Several presenters demonstrated that counsel could be communicated through a variety of media to different effect. JODI CAMPBELL (Texan Christian University) described how the timeless metaphor of the political world as a stage took on literal significance in seventeenth-century Spain, where the theatre provided an opportunity for common people to indirectly counsel their monarch or to criticise his courtly councillors. The tradition of epistolary advice was touched on by SERENA FERENTE (King’s College London) in her paper on Angelo Acciaioli’s correspondence with Francesco Sforza, in which the Florentine diplomat displayed a range of strategies to court the affection and patronage of the new Duke of Milan. The diplomatic value attached to letters of advice passed between monarchs was the subject of RAYNE ALLINSON’S (Oxford) paper on the correspondence between Queen Elizabeth I and Mary Queen of Scots. Books of political advice could be dedicated and presented to rulers as New Year’s gifts, or taught to them (sometimes surreptitiously) in the schoolroom, as AYSHA POLLNITZ (Cambridge) illustrated with reference to Edward VI’s would-be counsellor William Thomas. Louis XIV’s sumptuously decorated financial ledgers, as described by JACOB SOLL (Rutgers), provided an excellent example of how practical instruments of royal pedagogy could be transmuted into regal accessories. Portraits, engravings and other visual media could also provide a subtle - though sometimes subversive - medium for counsel, although most papers focussed on literary examples.
In the process of defining the counsellor’s practical role in the day-to-day process of governmental decision-making, historiographical issues were raised relating to the nature of documentary evidence and its interpretation. JONATHAN ELUKIN (Trinity College, Hartford) drew attention to the ‘problem’ of secrecy surrounding the giving and receiving of counsel, and how historians throughout the medieval and early modern period decided to interpret the silence or equivocations of their sources. Since most of the primary sources relating to the processes of government were written down, preserved and transmitted by counsellors and their secretaries, to what extent is the study of political history really a history of the workings of a small but dedicated group of bureaucrats? Furthermore, the monarch’s ability to select worthy councillors and their perceived receptivity to good counsel is a recurring theme in historical assessments of their reigns. This point was illustrated by PAULINE STAFFORD (Liverpool) in her paper on the moulding of the historical reputation of Æthelred Unræd (‘noble counsel’/ ‘no counsel’) in the eleventh century, and by COURTNEY M. BOOKER (British Columbia) who assessed the contrasting influence of Augustinian and Benedictine ideologies in the ninth-century reign of Louis the Pious.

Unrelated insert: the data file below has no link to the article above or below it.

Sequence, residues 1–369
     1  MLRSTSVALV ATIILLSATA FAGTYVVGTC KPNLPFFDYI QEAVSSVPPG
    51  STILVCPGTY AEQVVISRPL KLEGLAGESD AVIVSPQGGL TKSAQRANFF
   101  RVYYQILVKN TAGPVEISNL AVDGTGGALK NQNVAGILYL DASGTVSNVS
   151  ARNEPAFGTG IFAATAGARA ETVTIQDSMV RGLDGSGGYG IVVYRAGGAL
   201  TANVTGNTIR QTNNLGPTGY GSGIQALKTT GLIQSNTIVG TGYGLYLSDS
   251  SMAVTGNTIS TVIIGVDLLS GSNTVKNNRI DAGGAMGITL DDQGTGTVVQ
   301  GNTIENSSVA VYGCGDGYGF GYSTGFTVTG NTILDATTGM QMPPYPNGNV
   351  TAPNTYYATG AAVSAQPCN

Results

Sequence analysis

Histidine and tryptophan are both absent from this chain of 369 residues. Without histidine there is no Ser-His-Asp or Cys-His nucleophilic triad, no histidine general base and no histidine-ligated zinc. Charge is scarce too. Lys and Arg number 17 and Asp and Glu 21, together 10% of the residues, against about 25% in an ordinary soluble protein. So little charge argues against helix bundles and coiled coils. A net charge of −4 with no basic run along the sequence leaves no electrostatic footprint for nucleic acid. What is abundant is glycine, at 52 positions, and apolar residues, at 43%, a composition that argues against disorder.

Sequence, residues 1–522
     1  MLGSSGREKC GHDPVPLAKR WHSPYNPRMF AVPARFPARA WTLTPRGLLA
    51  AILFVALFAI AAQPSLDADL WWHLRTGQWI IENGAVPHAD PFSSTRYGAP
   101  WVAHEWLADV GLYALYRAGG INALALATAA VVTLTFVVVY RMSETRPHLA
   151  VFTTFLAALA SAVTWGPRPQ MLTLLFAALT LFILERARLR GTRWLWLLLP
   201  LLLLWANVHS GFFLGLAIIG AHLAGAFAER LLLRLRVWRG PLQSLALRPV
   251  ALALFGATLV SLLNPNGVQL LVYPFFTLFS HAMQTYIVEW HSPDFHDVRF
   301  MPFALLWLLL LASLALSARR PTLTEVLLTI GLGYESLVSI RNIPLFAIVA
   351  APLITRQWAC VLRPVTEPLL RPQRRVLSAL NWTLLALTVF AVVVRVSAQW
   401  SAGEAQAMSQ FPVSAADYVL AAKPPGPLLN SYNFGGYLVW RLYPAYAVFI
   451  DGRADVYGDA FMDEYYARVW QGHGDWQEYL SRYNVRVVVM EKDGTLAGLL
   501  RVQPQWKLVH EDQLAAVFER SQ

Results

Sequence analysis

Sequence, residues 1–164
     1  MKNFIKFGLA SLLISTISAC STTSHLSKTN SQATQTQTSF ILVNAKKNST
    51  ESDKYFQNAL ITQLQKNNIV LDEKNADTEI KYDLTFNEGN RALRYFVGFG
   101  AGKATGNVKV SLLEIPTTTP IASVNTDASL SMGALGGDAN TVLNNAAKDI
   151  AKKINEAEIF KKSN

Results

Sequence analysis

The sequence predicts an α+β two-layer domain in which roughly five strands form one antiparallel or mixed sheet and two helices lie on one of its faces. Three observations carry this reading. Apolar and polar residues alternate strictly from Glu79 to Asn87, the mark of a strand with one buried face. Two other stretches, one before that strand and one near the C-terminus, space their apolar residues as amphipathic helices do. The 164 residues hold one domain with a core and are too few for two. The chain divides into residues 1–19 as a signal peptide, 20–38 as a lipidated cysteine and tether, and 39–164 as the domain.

The often complex personal relationship between a monarch and his or her counsellors has often been abstracted in terms of power versus intellect, force versus contemplation - two polarities providing a necessary balance for each other. In practice, however, this relationship was continually fraught with conflict and mutual manipulation, as several speakers demonstrated. THOMAS BISKUP (Hull/Berlin) spoke of how the eighteenth-century German monarchs sought out various ‘enlightened’ thinkers to aid them in ordering and expanding their territories, who in turn were provided with patronage and access to courtly society. In the same century, many of the British writers who were working to manufacture an ideology of Empire were members of the Council of Trade and Plantations and of the Royal Society, with direct financial interest either in the West or East Indies. As EVA BOTELLA-ORDINAS (Harvard/Madrid) explained, the practical economic or political interests of government were often shrouded in the respectable cloak of intellectual discourse.